Recognizing Our Volunteers
I love to volunteer. Last weekend I helped check in riders for a Montpelier bike event that was back on the calendar after a two-year pandemic hiatus. It was a joy to welcome out-of-towners to our community and share some laughs with people I’ve known since before I needed reading glasses to see the registration sheets. Every year, I spend a week as a counselor at an overnight camp for Vermont kids who might not otherwise have an overnight camp experience—a wonderful service opportunity my daughter brought to our family. And I serve as the board president of our local mountain bike club—bringing my advocacy and organizational skills to bear on one of my favorite things to do for fun. Volunteering gives me a sense of purpose and belonging that has become even more important to me now that my kids are grown. I believe it’s central to my well-being.
Earlier this month, during National Volunteer Week, our members celebrated the many Vermonters who volunteer for home health and hospice agencies. There are myriad ways to volunteer in home health and hospice—from serving on the board of directors, to helping at a fundraising event, to serving as a hospice volunteer, to supporting a community health clinic.
Trained volunteers are an integral part of hospice care. Under the guidance of the hospice team, they support Vermonters at the end of life and help families through the difficult process of losing a loved one. They provide companionship, relieve caregivers or run errands. As one of our agencies says, all you need is a “caring, can-do attitude.”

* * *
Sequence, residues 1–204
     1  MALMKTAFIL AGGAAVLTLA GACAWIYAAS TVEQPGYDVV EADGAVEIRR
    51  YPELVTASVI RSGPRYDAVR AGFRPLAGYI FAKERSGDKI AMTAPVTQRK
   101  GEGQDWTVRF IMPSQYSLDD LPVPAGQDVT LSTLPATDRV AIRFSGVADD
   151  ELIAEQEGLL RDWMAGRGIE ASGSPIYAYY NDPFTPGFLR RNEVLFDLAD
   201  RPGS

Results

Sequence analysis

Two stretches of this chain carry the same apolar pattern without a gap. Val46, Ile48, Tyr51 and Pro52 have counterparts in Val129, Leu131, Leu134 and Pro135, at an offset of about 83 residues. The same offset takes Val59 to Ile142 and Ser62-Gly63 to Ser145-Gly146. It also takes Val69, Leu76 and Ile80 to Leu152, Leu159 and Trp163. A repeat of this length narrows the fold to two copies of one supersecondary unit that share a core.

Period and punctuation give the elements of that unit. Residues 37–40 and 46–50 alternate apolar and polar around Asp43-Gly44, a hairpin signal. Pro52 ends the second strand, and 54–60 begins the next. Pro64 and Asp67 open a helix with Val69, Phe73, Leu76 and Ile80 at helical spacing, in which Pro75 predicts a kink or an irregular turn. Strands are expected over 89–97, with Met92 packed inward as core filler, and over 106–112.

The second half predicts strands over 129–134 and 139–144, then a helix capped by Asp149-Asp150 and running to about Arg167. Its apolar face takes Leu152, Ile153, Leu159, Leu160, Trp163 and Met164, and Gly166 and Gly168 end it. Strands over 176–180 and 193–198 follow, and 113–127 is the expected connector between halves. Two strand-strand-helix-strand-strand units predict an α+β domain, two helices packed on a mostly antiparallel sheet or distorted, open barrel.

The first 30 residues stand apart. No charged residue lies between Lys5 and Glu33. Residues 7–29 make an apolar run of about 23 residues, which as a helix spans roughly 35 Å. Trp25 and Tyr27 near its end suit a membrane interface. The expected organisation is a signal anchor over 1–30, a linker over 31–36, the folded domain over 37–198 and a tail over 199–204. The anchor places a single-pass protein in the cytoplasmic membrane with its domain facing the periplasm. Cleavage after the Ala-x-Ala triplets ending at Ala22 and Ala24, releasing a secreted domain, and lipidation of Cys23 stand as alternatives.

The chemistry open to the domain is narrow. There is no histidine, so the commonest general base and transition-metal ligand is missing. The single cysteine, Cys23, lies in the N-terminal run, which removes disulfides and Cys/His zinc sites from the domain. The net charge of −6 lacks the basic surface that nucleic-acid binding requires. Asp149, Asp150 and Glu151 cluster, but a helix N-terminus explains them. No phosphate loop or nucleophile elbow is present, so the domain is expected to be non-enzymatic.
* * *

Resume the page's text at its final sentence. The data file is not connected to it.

“I absolutely love the fact that I’m able to participate with these people and their families on this glorious journey of life,” says Francie Collouti, a volunteer with VNA and Hospice of the Southwest Region. “It’s a very humbling experience.”
Years ago, Mark Nash, a hospice volunteer and board member at Lamoille Home Health and Hospice took the first hospice volunteer training available in Burlington. And while he never did any volunteering at that time, it was his first thought upon retirement.
“Hospice volunteering allowed me to continue serving my community while also giving me a sense of ‘paying it forward,’" he says.
Vicki Gauthier volunteers at Central Vermont Home Health and Hospice’s (CVHHH's) public foot-care clinics, where her husband, Tim, a registered nurse, also provides care.
"I thought it would be a way to be useful," said Vicki, a retired school music teacher. Vicki says she did not fully understand—before becoming a volunteer—the importance of CVHHH's public foot-care clinics. She also loves the people she meets while performing her volunteer work. "They have so much to share, and they have a lot of wisdom. I look forward to clinic days," she notes.
Thanks to all of the amazing volunteers at our member agencies for continuing to say yes! Looking for a way to give back? Check out the website of your local home health and hospice agency!